Introduction to Galaxies 0

Introduction To Galaxies

 

Introduction

When we look up at a night sky, what do we see? With just our eyes we probably
see a few thousand objects of varying intensity. They are mostly stars but there
are a few planets , comets, and meteors occasionally too. This is just our
galaxy. Our galaxy is a very small portion of the universe. 


Ours and other galaxies are made up of stars, planets, dust, gas and quite possibly a black hole for the most part. There are reportedly billion of other galaxies just like ours. Ours is fairly typical though, from what we can tell. Astronomers are still studying
what our overall shape is.

When we look at the night sky, we often see an extra bright band sweeping across
the sky. This is made up of a multitude of stars that are very far away. They
are so concentrated the band appears as its own light source in the sky. It's
truly incredible.


Structure of Galaxies

Galaxies can be several different shapes. In fact, the shape can be an indicator
of how that galaxy was formed. This in turn will reveal many of the processes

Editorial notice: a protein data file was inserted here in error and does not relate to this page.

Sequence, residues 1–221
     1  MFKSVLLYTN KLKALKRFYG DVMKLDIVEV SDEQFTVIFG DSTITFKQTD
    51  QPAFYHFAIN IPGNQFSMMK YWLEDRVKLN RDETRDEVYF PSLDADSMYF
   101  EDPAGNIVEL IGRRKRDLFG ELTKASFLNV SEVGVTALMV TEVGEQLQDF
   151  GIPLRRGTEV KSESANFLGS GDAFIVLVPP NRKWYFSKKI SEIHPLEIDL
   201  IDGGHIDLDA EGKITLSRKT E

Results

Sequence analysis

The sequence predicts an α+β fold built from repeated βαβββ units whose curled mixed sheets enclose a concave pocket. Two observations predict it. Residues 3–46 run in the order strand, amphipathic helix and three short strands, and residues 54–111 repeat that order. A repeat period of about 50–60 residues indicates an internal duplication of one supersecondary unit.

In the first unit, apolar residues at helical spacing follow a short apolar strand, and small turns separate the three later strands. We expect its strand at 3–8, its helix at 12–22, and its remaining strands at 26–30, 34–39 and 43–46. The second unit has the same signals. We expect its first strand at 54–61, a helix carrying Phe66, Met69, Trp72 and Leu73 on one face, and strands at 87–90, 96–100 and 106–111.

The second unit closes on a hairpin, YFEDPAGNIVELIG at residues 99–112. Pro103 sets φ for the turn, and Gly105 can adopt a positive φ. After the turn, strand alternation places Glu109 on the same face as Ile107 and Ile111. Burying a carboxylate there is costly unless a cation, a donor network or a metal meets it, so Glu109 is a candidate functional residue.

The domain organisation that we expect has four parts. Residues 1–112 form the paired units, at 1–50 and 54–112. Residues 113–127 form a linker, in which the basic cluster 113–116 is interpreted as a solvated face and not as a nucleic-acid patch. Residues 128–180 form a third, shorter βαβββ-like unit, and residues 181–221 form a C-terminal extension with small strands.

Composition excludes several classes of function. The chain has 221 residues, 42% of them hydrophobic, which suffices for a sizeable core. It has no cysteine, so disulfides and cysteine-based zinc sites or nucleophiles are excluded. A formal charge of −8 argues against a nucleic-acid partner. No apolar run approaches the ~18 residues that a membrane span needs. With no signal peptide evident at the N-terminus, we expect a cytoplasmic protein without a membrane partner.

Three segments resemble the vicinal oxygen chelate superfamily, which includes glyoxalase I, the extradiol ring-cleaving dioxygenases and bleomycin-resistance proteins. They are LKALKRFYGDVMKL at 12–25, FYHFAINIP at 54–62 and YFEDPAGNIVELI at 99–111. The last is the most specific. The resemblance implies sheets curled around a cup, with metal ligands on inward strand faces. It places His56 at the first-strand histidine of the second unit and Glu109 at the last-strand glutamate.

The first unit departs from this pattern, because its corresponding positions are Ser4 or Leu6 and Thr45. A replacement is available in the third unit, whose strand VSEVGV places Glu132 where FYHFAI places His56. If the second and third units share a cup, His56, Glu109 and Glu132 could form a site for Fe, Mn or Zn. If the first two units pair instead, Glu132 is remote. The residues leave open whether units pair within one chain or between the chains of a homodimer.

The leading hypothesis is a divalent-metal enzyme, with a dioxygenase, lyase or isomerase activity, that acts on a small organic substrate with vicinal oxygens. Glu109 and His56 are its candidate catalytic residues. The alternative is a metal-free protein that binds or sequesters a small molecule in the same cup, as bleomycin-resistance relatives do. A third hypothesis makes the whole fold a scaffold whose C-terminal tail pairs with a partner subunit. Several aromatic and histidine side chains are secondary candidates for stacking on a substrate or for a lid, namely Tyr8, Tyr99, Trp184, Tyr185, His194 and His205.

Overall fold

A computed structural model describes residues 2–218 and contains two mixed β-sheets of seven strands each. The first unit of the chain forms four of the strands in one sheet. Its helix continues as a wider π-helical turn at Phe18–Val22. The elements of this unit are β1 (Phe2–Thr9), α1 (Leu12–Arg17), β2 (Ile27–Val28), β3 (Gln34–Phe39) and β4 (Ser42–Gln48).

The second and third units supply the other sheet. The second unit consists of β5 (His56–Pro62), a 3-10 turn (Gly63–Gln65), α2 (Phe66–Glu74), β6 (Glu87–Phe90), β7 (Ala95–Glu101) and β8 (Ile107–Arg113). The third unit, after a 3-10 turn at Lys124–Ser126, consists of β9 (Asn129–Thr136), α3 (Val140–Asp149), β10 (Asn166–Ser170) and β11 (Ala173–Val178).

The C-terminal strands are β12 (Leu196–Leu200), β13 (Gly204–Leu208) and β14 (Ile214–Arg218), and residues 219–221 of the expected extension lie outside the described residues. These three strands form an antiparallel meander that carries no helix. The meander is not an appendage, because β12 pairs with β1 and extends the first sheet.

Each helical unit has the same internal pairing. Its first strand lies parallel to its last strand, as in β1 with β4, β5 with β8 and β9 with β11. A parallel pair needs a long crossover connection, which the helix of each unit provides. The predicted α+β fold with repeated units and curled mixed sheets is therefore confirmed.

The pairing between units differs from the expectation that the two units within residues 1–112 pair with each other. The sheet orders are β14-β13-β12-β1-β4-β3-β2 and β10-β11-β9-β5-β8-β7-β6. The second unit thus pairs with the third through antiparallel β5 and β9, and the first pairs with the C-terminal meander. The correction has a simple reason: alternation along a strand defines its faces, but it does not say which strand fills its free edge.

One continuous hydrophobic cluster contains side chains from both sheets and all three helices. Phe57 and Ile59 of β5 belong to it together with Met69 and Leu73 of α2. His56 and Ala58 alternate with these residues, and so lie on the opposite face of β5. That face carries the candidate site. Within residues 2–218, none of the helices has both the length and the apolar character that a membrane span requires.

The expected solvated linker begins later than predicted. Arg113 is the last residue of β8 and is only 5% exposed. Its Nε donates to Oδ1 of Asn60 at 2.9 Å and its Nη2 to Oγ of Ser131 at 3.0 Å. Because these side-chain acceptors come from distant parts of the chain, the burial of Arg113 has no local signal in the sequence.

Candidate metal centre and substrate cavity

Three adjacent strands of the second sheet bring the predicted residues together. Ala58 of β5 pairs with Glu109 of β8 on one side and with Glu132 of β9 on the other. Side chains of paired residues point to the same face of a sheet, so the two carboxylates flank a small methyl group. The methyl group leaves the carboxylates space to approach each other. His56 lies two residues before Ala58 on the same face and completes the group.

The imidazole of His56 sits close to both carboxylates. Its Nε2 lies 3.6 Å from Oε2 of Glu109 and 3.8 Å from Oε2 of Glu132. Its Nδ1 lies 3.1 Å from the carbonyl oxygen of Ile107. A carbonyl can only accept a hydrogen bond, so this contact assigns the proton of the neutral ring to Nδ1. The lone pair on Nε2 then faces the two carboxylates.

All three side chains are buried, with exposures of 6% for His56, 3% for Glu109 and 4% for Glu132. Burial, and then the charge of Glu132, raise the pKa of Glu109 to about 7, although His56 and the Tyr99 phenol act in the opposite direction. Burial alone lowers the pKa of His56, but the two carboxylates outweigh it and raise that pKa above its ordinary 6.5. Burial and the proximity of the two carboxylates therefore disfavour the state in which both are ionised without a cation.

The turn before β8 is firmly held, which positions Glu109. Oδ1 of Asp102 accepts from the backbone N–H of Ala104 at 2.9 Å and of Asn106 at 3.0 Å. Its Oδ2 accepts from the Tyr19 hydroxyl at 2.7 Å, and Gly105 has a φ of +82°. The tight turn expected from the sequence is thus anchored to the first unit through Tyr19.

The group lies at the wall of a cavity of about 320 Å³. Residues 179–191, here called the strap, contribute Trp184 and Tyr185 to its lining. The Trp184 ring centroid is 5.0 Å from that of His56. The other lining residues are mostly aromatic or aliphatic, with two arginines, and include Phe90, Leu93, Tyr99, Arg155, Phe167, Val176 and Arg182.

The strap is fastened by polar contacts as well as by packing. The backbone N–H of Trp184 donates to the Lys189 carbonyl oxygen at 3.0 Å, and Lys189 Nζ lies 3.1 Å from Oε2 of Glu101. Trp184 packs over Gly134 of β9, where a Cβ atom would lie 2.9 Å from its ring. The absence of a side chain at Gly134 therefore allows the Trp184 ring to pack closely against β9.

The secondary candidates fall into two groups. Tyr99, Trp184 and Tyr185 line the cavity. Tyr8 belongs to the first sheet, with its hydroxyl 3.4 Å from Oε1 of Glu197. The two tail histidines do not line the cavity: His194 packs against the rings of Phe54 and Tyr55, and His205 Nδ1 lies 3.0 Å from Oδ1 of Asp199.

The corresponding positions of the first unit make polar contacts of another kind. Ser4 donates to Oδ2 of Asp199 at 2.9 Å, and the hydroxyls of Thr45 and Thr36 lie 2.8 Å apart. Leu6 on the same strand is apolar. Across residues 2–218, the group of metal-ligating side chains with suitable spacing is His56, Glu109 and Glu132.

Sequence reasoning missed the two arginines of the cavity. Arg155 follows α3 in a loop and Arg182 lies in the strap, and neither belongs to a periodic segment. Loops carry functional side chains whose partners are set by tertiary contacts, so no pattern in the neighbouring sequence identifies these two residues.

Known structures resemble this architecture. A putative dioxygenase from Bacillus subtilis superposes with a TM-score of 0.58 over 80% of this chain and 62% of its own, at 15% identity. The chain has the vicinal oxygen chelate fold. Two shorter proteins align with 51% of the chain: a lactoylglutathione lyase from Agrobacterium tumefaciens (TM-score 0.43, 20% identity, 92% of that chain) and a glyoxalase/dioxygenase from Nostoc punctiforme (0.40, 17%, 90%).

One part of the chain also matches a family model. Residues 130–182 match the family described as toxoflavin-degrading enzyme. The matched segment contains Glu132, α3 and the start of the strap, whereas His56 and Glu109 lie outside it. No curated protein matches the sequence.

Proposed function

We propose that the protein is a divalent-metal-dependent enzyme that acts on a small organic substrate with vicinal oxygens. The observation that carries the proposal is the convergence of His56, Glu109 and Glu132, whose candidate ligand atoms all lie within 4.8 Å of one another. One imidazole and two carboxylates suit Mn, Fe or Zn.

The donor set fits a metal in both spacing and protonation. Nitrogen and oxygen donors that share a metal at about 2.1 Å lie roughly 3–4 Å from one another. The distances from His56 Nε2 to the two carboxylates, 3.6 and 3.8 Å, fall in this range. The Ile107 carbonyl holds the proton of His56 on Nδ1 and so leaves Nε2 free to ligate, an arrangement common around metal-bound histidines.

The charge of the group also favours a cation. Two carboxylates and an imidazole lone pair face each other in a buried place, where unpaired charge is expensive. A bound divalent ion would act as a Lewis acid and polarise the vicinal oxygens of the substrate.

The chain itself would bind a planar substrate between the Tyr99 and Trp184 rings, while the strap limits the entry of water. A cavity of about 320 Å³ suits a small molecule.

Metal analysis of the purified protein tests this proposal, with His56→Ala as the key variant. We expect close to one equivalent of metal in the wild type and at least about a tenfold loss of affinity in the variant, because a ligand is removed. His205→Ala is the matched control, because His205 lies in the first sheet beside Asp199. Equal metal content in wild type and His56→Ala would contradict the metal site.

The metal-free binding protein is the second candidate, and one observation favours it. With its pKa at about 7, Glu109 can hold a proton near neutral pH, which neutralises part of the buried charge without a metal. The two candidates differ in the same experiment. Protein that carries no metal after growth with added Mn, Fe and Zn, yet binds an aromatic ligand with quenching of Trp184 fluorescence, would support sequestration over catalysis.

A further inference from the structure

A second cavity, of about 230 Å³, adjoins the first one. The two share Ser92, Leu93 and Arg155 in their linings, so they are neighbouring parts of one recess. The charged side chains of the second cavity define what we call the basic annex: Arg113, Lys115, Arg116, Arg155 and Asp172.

that happened during the formation.

Stars within any particular galaxy will usually be pretty far apart. They will
also not move far from the galactic plane until they get older. Older stars will
interact with other objects to a greater degree and start to wander slightly.   

There is a lot of dust that impedes our view. Because of this, radio astronomy
has been a key factor in discovering the shape of our own and other galaxies.
Our galaxy appears to be football shaped. I remember when that fact came out
that scientists were surprised as they expected it to be another shape.


The Milky Way Sky

On a clear and dark night, you can see a long cloudy band of stars. This is a
portion of our Milky Way galaxy. Why does it appear as a cloudy band of light?
This is a common question. It is because we are inside one of the spiral arms
of our galaxy. That band is us looking out from one of the arms. The spiral arms
appear patchy because of numerous gas clouds that cloud our vision.


Variable Stars

There fast became a need to measure everything around us. We did not know how
many stars were around us, how far away they were, or even what they were made